forms.
The soils of California include the soils of the
Sierras, soils of the Coast Ranges and
Cascades, valley soils, and desert soils.
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Sierra Nevada – tend
to be thin and low in
humus
Coast Ranges –
reddish, acidic lowfertility soil to very
fertile, thick dark
soils. Amount of
rainfall determines
that amount of
nutrients contained
within soil
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Valley soils – contain
many nutrients, since
they are left from
river deposits
Desert soils – light
sandy soil low in
nutrients
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Conservation is important because of soil
erosion. Soil forms very slowly, taking up to
500 years to build up 2.5 cm of soil.
Salinization – build up of salt in the soil from
irrigated areas. Evaporation pulls up salty
water to the surface. Salt is left as more
water evaporates.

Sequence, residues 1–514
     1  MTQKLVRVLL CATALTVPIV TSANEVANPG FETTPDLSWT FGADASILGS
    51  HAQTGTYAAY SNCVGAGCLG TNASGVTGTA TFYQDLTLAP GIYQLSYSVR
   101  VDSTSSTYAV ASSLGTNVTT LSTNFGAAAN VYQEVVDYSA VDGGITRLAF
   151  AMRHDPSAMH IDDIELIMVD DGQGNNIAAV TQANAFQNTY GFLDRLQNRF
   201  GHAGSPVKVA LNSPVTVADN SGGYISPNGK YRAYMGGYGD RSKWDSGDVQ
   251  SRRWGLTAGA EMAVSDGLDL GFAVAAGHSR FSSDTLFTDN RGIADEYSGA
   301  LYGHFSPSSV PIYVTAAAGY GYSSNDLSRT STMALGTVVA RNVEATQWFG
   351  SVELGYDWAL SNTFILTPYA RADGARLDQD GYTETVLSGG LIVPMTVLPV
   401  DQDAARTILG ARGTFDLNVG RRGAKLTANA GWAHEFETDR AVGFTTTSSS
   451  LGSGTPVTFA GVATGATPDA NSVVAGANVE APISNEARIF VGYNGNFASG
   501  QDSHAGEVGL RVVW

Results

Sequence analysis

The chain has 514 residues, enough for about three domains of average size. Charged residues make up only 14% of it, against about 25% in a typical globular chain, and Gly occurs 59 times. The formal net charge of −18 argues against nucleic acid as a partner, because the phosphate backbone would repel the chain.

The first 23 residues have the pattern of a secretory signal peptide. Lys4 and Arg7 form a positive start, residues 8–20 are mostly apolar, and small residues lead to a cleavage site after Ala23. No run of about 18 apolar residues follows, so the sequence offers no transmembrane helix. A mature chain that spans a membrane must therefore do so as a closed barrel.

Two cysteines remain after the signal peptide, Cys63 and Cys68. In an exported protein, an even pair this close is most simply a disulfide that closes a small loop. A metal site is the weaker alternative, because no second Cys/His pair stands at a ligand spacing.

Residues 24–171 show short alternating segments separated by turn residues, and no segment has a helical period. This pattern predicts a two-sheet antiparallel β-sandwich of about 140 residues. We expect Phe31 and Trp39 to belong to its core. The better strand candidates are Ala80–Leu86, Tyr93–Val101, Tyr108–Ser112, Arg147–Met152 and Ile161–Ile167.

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The main sources of California’s freshwater
supply are precipitation, surface water, and
groundwater.
More than half the precipitation is lost
through evaporation or transpiration. Only
35% stays at the surface or seeps into the
ground
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Precipitation –
California averages
about 58 cm of
participation.
However, the
northern part of the
state receives a
great deal more
rain than the
southern part of the
state.
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Surface water –
precipitation flows
back into lakes,
rivers, and streams
that make up
drainage basins.
Northern part of the
state provides more
than half the state’s
water. The Colorado
River also provides
water for the state.
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Groundwater –
about 30% of the
fresh water used in
California.
Aquifers – rocks or
soils containing
groundwater
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Desalination of Sea
Water – desalination
is the removal of
salt from ocean
water to obtain
fresh water.
Very expensive
process
Forced salt water
through filters
using high pressure
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To meet freshwater needs throughout the